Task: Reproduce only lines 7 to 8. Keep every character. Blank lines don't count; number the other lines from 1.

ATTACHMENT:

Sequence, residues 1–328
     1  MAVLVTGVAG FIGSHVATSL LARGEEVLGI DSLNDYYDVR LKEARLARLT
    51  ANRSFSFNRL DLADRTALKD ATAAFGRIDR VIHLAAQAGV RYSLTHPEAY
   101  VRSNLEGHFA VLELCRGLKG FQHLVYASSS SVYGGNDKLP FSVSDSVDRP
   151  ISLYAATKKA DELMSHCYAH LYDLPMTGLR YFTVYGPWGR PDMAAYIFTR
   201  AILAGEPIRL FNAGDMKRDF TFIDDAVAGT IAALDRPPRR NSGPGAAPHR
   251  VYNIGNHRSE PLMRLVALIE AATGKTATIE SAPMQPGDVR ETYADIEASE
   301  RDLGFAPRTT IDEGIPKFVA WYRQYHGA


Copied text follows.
   251  VYNIGNHRSE PLMRLVALIE AATGKTATIE SAPMQPGDVR ETYADIEASE
   301  RDLGFAPRTT IDEGIPKFVA WYRQYHGA